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Using Sensor Technology to Detect and Monitor Behavioral Symptoms of Dementia

      The use of sensor technology to detect and monitor aggression, agitation, and other behavioral and psychological symptoms of dementia (BPSD) is in early stages of research but holds significant potential for improving care, researchers said in interviews with Caring.
      Measuring and mapping movement of the human body using wearables and sensors embedded in the environment is a key element of ongoing research on BPSD. “Technology is evolving so rapidly, it’s impossible to project out with a great deal of confidence where this will end up [for long-term care and other settings], but I absolutely think this sort of intensive data-guided approach to care is the future,” said Ipsit Vahia, MD, medical director of the McLean Institute for Technology in Psychiatry and director of the Technology and Aging Laboratory at McLean Hospital in Belmont, MA.
      “We’re only barely scratching the surface on how much clinically relevant information can be gleaned from [movement-related] variables,” said Dr. Vahia, who is also an assistant professor of psychiatry at Harvard Medical School.
      Dr. Vahia and his team are using novel wall-mounted devices that emit radio signals to measure variables such as gait speed and pattern, spatial location and body position, and sleep time and sleep stages. With the use of signal processing, machine learning, and artificial intelligence (AI) more broadly, they aim to train the devices to efficiently process data — understanding everyday patterns and detecting variations in these patterns — and to develop predictive, clinically useful algorithms.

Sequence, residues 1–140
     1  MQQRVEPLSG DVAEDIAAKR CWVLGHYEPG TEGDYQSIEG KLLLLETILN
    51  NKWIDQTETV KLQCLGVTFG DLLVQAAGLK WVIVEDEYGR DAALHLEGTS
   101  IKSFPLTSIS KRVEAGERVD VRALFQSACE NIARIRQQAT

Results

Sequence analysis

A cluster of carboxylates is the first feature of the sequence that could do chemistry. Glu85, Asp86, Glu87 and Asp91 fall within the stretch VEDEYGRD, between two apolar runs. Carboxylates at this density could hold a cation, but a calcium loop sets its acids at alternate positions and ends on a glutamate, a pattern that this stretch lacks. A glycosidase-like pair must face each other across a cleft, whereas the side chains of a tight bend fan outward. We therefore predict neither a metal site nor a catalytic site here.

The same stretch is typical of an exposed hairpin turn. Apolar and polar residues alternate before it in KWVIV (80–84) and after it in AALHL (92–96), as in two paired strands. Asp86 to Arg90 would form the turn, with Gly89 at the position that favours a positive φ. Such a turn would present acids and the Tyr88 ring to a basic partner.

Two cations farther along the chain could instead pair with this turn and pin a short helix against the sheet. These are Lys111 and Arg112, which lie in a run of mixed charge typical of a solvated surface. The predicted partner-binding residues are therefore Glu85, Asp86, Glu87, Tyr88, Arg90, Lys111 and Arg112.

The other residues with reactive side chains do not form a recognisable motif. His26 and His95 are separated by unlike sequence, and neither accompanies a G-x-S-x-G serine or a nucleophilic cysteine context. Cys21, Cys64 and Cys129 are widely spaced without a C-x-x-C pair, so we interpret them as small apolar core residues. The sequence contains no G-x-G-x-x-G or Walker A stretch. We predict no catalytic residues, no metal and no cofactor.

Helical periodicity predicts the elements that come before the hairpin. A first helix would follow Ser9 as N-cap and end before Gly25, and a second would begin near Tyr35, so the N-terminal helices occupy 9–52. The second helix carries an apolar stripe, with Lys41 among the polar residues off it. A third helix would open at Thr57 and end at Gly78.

A major end goal, he said, is to “give staff a more moment-by-moment sense of how someone is doing, and more importantly to pick up on changes much earlier than they [otherwise] might have, and to intervene preemptively.”
      In their monitoring and mapping thus far of approximately 40 residents who have major neurocognitive disorder (MND) and behavior disturbance, the sensor data have helped spur an investigation of suspected paranoia in a resident with MND and a history of paranoid ideation and pacing, and has detected akathisia in a patient who had been hospitalized for severe depression and given haloperidol (Haldol). In the latter case, the patient’s daily number of motion episodes had more than doubled.
      Their passive motion-sensing technology was also useful in tracking the severity of apathy in a patient with MND and comorbid major depressive disorder characterized by severe psychomotor retardation. For this patient, time spent on her couch was a marker of severity. During a webinar held last year by the American Association of Geriatric Psychiatry on using sensors and AI for dementia care (“Innovations in Dementia Care Using Sensors and Artificial Intelligence,” Oct. 7, 2020; https://bit.ly/3ihuYmg), Dr. Vahia said, “It was also helpful to have data to use to track the impact of a [trial of a] stimulant — we wouldn’t have had this data otherwise.”
      Gait speed and patterns not only predict fall risk, but also serve as markers of increased agitation, anxiety, depression, or apathy, and can be used to track medication efficacy and side effects, Dr. Vahia emphasized in the interview. Overall, he said, sensor-driven data are “opening the door to a much more precision-based geriatric psychiatric practice.”

      Detecting Agitation With Ambient and Wearable Sensors

      At the University of Toronto, geriatric psychiatrist Andrea Iaboni, MD, DPhil, is using advances in computer vision and advanced pose-tracking in video images to record and measure changes in movement, specifically in the estimated margin of gait stability — a variable (the “wobble factor”) that she and her team found to be associated with a higher risk of imminent falls (J Gerontol A Biol Sci Med Sci 2020;75:L1148–1153).